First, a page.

Monthly Archives: July 2016

Garden Flowers – July

Life is a gift. Take time each day to stop and admire the flowers, smell them, touch them, and watch the bees and butterflies.

Garden Update – July

July is fast coming to an end so I thought it was time for another garden update. It is not proving to be the best of summers. There has been lots (too much) of rain but thankfully temperatures are not as low as last summer, but it is not looking like we will have bumper harvests.

In the greenhouse, tomatoes and cucumbers are producing but not in big quantities so there has not been surplus for pickling. My cucumbers (and also the courgettes and squashes) have all got this strange virus – it looks like mildew, but starts as perfect circles and increases and multiplies till the whole leaf is covered. I keep taking off the affected leaves and so far the plants are surviving. One variety of cucumber (marketmore), shows no sign of the virus so I may concentrate on growing that variety next year.

In the polytunnel, the early broadbeans did well as did the Charlotte potatoes which we are about half way through. I have some beetroot to harvest and also started harvesting these purple kohlrabi. We all prefer them raw to cooked so will probably have the rest with salads. I just planted some more seed in the hope that I can get some to crop in late autumn or over winter for next spring.



Outside the first of the runner beans are appearing ( I put five plants in the poly on a wigwam and they are really not happy, and I don’t know why), and I am hoping for a better crop than last year. The dwarf beans are really suffering, probably because it is not warm enough. I did plant a couple in the greenhouse and it turns out this was a good idea because they are cropping well! Cabbages do seem to enjoy the wet and we’ve been enjoying the first (variety Greyhound), and I am hopeful that we will get a decent crop of red cabbage. Courgettes are small and slow.

We’ve had a few nice summer raspberries but the loganberries are proving very popular with the blackbirds!! We’ve picked over 2kg of blackcurrants and there are still some more. The kids are enjoying blackcurrant cordial and it’s a “bribe” to get them picking some of their own! Blackcurrants are always one of our best croppers.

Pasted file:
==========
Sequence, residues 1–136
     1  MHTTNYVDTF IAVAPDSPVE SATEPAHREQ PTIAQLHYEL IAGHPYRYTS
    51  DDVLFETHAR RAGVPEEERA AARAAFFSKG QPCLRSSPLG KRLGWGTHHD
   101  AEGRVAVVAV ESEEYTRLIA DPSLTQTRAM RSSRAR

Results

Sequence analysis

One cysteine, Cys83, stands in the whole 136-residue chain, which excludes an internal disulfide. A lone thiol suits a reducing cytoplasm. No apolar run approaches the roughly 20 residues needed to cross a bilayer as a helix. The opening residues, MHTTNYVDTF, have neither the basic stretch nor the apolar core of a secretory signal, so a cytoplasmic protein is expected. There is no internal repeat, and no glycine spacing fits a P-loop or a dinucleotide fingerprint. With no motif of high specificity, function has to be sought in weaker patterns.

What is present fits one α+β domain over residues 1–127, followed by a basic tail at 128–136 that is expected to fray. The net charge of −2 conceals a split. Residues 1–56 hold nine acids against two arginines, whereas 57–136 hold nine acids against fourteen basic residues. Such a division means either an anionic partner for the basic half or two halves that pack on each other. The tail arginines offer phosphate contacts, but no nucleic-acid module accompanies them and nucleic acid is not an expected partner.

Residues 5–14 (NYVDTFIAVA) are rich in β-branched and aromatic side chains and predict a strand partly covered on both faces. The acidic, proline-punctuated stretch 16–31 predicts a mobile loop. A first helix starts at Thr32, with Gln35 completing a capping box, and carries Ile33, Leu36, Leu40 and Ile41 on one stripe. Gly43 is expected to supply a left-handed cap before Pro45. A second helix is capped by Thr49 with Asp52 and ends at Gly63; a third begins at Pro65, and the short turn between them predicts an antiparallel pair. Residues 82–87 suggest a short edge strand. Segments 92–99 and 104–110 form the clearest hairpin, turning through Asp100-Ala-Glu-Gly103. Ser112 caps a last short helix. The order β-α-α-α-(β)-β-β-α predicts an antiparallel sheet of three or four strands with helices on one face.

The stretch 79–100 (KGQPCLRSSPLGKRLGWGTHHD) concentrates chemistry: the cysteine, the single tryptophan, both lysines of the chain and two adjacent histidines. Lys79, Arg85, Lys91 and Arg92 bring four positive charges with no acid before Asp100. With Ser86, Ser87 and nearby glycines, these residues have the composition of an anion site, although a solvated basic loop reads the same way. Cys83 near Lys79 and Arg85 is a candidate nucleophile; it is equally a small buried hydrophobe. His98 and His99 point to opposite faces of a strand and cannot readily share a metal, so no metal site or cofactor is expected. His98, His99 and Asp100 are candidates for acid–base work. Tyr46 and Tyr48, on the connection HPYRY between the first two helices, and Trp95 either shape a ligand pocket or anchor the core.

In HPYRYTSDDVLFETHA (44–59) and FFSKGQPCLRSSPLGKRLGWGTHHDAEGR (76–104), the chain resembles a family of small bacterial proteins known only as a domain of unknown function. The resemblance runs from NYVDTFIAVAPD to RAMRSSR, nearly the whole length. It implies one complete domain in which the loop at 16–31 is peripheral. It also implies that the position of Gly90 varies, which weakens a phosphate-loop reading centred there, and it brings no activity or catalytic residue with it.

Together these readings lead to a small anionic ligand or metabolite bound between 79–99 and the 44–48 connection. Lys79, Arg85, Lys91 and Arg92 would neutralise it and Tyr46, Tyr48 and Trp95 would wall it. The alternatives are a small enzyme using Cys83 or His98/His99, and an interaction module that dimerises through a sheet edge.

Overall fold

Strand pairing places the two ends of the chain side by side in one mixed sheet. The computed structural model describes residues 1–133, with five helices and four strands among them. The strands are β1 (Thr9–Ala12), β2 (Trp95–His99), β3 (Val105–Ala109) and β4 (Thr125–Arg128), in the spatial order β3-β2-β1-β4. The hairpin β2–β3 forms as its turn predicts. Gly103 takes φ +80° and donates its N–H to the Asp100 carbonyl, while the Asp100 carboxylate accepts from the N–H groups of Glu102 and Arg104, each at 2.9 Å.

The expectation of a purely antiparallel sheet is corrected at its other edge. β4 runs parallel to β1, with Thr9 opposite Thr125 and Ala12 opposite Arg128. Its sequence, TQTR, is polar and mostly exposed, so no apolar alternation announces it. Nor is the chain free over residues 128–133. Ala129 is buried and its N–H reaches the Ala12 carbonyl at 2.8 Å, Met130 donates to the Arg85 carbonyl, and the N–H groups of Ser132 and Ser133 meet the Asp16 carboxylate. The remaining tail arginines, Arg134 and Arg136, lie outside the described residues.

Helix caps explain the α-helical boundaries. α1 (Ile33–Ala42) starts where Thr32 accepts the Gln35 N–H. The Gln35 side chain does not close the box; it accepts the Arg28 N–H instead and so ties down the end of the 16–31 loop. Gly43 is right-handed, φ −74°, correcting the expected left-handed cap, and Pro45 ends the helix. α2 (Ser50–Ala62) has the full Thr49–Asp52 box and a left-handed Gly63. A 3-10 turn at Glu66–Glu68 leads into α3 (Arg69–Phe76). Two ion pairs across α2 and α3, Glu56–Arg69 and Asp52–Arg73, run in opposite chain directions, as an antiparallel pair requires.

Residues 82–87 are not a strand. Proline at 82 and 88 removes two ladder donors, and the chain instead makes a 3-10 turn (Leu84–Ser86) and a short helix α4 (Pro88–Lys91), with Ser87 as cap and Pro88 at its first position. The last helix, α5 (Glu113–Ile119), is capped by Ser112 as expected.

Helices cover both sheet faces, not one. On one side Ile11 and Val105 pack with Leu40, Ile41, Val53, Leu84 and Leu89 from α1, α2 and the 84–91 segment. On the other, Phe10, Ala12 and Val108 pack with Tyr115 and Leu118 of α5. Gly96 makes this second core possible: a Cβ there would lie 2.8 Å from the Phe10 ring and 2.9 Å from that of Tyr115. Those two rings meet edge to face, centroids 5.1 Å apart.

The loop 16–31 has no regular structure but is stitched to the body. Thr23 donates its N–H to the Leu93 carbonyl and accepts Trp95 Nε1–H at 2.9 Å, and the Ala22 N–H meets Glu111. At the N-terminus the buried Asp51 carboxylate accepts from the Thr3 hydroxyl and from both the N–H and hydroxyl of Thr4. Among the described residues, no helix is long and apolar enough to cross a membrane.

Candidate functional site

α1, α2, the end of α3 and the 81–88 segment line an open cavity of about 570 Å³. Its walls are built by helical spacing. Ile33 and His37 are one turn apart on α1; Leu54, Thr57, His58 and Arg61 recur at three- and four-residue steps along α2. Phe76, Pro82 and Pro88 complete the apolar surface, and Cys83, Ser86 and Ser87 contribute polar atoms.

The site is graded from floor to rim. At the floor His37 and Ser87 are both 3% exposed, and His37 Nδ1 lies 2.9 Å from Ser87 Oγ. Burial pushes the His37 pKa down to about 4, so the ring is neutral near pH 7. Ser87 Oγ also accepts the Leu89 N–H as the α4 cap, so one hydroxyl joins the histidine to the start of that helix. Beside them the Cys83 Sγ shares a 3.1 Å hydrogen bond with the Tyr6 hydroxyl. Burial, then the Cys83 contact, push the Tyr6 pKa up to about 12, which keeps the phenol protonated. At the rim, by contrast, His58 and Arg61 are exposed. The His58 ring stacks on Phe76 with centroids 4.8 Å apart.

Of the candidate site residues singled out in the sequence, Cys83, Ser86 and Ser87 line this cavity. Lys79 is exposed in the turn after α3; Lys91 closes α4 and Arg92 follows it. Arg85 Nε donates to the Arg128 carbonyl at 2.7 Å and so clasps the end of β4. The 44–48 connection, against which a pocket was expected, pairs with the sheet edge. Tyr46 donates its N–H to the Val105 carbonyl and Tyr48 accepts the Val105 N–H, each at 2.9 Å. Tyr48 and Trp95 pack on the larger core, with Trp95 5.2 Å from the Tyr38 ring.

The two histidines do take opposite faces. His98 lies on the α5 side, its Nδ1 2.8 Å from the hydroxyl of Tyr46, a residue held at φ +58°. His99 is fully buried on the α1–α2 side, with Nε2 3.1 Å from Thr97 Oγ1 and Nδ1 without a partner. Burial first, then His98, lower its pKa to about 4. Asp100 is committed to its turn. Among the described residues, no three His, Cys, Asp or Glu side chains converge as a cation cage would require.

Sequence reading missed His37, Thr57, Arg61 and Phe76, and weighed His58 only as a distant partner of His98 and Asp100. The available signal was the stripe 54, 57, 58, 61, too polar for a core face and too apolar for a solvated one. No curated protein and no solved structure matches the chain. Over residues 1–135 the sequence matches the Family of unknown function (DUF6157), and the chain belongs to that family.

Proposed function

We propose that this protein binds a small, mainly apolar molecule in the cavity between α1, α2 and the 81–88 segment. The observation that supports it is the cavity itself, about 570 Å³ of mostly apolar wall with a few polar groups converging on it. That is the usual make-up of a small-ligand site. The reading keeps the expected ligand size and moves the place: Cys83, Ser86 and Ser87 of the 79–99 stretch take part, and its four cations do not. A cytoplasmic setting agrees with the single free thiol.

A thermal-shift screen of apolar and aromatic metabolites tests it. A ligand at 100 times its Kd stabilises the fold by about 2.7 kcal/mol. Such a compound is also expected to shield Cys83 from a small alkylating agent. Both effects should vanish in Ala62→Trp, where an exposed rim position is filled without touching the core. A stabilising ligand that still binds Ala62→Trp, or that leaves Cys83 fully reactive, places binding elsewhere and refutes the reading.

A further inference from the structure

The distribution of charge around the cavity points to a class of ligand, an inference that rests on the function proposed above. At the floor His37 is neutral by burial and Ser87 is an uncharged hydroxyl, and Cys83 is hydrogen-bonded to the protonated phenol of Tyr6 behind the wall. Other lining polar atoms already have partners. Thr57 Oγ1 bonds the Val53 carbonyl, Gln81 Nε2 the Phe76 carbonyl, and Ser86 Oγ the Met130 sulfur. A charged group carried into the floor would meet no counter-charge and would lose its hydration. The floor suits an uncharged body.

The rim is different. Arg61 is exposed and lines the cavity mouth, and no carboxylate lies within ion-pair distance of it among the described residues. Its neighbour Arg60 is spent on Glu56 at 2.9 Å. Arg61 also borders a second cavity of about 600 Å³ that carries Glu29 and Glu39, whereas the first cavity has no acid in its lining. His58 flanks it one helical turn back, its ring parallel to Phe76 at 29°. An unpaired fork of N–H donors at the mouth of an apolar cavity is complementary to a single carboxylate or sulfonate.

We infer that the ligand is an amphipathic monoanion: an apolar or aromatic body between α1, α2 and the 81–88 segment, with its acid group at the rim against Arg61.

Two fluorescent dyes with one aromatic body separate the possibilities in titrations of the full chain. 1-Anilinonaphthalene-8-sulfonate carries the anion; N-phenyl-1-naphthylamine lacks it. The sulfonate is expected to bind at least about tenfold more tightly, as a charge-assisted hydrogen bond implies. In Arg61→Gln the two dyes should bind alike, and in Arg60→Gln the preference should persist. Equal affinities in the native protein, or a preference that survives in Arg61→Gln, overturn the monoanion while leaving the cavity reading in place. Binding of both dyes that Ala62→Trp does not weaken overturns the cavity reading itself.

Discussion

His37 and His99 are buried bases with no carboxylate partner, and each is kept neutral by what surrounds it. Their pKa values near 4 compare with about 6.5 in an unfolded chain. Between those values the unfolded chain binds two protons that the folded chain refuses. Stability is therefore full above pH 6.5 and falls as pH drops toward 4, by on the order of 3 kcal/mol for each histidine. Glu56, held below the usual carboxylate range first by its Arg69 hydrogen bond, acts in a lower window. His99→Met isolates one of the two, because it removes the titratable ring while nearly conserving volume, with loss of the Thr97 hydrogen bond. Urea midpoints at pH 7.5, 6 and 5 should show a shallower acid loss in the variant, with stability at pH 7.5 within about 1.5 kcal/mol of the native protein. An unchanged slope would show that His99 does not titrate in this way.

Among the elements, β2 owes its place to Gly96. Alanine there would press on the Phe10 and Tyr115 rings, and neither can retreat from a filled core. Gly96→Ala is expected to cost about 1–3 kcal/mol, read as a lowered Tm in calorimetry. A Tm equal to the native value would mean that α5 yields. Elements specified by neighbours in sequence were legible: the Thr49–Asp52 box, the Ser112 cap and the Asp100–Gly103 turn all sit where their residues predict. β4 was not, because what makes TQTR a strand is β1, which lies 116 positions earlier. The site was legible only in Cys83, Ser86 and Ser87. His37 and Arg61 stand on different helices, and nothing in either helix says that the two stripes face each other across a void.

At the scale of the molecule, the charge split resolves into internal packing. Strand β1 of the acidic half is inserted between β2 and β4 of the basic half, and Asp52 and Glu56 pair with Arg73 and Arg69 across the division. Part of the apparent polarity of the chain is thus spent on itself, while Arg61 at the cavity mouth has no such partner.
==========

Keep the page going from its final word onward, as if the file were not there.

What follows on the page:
Left Behind

On a recent walk near Mulranney in County Mayo, we came across the remains of an old tractor. There were bits of engine, a wheel axel, pieces of rubber, rusting metal and broken glass.

The tractor had probably been brought onto the bog to collect turf and had broken down. But why hadn’t it been worth taking back and repairing? I have no idea. Tractors are expensive, even old ones.

So it was left to decay and become part of the landscape. It is strange the things that people leave behind.

Walking in Mayo

County Mayo has much to offer walkers and cyclists and yet it is very under utilized. When we were in North Wales a couple of weeks ago there were walkers and ramblers everywhere. Many of the small villages within the Snowdonian National Park seem to rely on these visitors in order to make a living. It is estimated that 360,000 walkers climb the summit of Snowdon every year and that’s just one moutain. I can find no figures for County Mayo. Croagh Patrick, which is a pilgrim mountain has up to 20,000 walkers on Reek Sunday (the traditional day in July for climbing the mountain) but for the rest of the summer would have much fewer. The other mountain and hill walks in the county are relatively little explored.

View of Croagh Patrick from the other side of Clew Bay

View of Croagh Patrick from the other side of Clew Bay

Last week we completed a walk near Mulranny (Mallaranny) on the west coast of County Mayo. We were surrounded by amazing scenery, Clew Bay with all it’s islands and Croagh Patrick across the water and yet we saw no one (other than sheep and a few cows) till we got back to the start of our journey, where the path joins the now popular Great Western Greenway.



Initially, we followed the path that is part of the Rocky Mountain Way, then turned left onto a bog road (a road built to aid getting turf from bogs), and climbed gently uphill. We could see Croagh Patrick across the bay and looking NW, Achill Island.

Once at the top (and following a number of false summits) you get another view right over Ballycroy National Park – though by this time the cloud had come over and it wasn’t as clear as earlier in the day.

As well as sheep, hare droppings were evident and quite abundant. Heather (Erica tetralix) was in flower, and on some of the lower slopes was being visited by camera-shy bumblebees! Bog cotton and many amazing mosses also abounded. We found a few grouse feathers and hoped this now rare bird had not fallen victim to a predator.

The walk was a definite tick for my 16 for 2016 list  – 2: Find two new places in Mayo to explore

And is certainly a place I would like to explore some more.

Intimate details

There is nothing I like better than getting a good close up of a flower, bee or butterfly. I am fascinated by seeing the intimate structure of living things.

Flowers are great – they don’t move about (except in the wind) and you can usually get a good look at them, even without a still photograph.

Insects are a different matter though. A lot of my pictures end up blurry and not very sharp – or with half a bee as it takes off before the shutter has clicked fully. But when you do get that good close up – the detail can be amazing. I  also find it a very useful tool when trying to identify a species I am not familiar with.

This post was inspired by this week’s photo challenge – Detail